His newest plan involves collecting yellow bottle caps from large bottles of Coca-Cola, which are redeemable for free burgers at Carl's Jr.

Taylor said he doesn't expect the new promotion to yield anything like the scores of pizzas he distributed during the summer by scrounging in the trash for discarded Domino's coupons. But the burgers will be a nice change of diet, he said.

Since Taylor's story of feeding the homeless with free pizza ran in The Times a week ago, he has been interviewed by Canadian radio and local television.

And the Santa Monica city attorney's office, which helped Taylor persuade Domino's not to cut off the promotion, received some "Value Dots" in the mail from some sympathetic folks who wanted Taylor to have them for his pizza feeding mission.

Yellow bottle caps, anyone?

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Down the Hatch: Rep. Anthony C. Beilenson (D-Woodland Hills) prides himself on being an independent-minded lawmaker in an often intensely partisan institution. Last week he found himself virtually a one-man caucus when he was the lone Democrat to oppose reforming the 1939 Hatch Act.

By a vote of 339 to 85, the House sent to President Clinton a bill that opens the door to political activities for most U.S. government employees. Clinton has vowed to sign the measure, which will apply to 3 million workers.

Under the bill, which had been sought by federal employee unions, federal workers will be able to participate in such previously banned activities as stuffing envelopes or organizing phone banks in political campaigns and holding party political posts.

But they must do it on their own time and not while wearing federal uniforms or in any building where official business is conducted.

Beilenson joined 84 Republicans in opposing the bill.

"I've been voting against it for years," Beilenson said. "The existing Hatch Act has worked quite well. We've had a nonpolitical Civil Service for many decades now. People have had confidence that federal employees are not political and can't be too deeply involved in partisan politics. At the same time, it protects federal civil servants from coercion.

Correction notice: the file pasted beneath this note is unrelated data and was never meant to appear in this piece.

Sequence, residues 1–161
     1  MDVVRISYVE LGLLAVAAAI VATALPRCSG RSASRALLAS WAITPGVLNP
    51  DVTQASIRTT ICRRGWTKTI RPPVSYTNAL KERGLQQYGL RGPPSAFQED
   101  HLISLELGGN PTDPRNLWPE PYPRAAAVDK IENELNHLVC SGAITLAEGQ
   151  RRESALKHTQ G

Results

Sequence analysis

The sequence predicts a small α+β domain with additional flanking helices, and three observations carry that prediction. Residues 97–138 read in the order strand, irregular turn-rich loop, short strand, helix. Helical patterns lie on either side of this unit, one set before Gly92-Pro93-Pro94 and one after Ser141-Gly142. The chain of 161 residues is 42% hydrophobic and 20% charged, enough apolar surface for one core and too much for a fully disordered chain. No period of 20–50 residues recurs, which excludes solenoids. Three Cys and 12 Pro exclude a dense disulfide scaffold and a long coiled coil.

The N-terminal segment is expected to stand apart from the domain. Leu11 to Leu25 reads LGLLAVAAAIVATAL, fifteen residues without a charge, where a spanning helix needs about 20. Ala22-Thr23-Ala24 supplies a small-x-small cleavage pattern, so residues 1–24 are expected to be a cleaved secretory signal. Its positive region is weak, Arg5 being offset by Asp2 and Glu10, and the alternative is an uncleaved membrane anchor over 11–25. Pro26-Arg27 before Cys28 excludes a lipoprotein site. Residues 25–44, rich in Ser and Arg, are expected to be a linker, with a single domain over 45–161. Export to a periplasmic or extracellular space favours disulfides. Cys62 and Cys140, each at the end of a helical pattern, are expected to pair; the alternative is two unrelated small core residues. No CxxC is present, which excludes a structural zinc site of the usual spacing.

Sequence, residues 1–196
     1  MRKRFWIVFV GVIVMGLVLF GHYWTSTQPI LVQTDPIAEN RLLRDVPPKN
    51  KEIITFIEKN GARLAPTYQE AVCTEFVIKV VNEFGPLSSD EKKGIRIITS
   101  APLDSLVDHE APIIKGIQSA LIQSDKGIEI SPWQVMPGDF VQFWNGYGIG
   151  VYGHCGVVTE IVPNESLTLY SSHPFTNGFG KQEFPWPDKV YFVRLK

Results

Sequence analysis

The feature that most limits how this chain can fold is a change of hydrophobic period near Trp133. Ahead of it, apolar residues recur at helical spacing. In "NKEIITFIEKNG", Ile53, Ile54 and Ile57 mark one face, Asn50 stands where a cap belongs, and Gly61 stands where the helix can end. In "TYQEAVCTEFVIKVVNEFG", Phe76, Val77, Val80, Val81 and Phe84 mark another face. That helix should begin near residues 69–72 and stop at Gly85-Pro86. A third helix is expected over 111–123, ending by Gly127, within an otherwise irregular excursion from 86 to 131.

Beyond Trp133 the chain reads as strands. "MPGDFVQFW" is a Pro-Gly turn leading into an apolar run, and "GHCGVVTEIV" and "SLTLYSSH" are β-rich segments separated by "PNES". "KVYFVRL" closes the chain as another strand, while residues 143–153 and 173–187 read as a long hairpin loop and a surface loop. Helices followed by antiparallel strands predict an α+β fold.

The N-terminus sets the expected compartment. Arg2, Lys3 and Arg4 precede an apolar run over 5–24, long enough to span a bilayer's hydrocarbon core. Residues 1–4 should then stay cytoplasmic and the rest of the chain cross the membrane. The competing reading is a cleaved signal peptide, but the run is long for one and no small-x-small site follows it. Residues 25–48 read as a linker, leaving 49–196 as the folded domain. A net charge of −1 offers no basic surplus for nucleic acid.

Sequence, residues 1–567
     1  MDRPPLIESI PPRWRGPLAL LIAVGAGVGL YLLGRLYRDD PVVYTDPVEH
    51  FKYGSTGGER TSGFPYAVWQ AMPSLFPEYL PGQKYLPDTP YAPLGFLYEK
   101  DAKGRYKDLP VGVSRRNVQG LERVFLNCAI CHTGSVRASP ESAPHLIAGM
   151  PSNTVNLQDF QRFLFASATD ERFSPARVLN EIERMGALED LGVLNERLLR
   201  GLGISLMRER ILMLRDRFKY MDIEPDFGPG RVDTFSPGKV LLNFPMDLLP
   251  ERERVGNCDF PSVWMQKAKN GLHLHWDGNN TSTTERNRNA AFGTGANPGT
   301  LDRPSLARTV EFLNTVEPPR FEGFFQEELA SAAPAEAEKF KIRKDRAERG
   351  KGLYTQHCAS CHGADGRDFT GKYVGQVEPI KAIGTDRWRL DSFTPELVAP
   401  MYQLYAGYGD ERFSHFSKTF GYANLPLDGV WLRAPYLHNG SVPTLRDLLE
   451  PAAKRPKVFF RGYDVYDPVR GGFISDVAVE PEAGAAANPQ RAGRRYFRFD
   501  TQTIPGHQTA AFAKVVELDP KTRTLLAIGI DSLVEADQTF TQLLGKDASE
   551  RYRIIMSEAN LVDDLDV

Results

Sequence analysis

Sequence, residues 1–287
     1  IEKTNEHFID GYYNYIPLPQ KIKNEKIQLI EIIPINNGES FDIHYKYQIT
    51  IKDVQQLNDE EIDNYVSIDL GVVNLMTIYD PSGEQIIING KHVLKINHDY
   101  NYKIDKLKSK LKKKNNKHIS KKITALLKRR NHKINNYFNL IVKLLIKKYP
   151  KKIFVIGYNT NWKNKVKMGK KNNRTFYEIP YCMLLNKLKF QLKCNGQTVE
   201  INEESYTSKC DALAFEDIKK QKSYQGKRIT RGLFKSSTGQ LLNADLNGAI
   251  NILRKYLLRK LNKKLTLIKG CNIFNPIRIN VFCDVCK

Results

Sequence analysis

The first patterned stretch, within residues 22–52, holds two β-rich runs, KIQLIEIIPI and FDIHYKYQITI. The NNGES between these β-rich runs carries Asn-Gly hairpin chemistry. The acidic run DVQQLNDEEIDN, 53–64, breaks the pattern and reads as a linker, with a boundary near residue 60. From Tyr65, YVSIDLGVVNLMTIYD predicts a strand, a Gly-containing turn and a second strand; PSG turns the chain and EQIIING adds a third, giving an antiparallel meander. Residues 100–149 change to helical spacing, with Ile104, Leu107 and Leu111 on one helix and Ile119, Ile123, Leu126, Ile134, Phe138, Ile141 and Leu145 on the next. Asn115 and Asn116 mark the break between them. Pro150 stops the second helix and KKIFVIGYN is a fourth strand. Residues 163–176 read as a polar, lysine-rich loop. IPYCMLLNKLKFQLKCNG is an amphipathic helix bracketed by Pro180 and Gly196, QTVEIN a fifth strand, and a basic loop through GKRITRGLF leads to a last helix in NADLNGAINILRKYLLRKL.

"I wish more Democratic members saw the issue the way I did."

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Bias and booze: In 1988, freshman Assemblyman Terry B. Friedman pushed a measure through the Legislature to bar private clubs that employ discriminatory membership practices from obtaining state liquor licenses, only to have it vetoed by then-Gov. George Deukmejian.

Ever since then, Friedman, a Brentwood Democrat, has unsuccessfully sought to get the bill back to the governor's desk. According to Friedman, former Assemblyman Richard Floyd of Carson, the longtime chairman of the Assembly committee that reviews alcohol legislation, vowed to never let the proposal out of his panel.

But Floyd lost his reelection bid last year, and Friedman finally managed to push the proposal through the Legislature this month and to the desk of Gov. Pete Wilson. The bill spells out state authority to prohibit the issuance or renewal of liquor licenses to clubs that discriminate on the basis of color, race, religion, ancestry, national origin, sex or age.

In a letter to Wilson, Friedman maintained that California "still sanctions discrimination by issuing discount liquor licenses to private clubs which deny entry or membership or prevent full enjoyment of the club on illegal grounds." By doing so, he said, the state "is granting special privilege to practitioners of discrimination."

The California State Club Assn. opposes the bill, arguing that private clubs enjoy the protection of the guarantee of freedom of association found in the First and 14th amendments to the U.S. Constitution.

A spokeswoman for Wilson said the governor has not taken a position on the Friedman bill. He has until midnight on Oct. 10 to act.

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Contributing to this report were staff writers Scott Shibuya Brown and Ron Russell in Los Angeles, Nancy Hill-Holtzman in Santa Monica, Alan Miller in Washington and Mark Gladstone in Sacramento.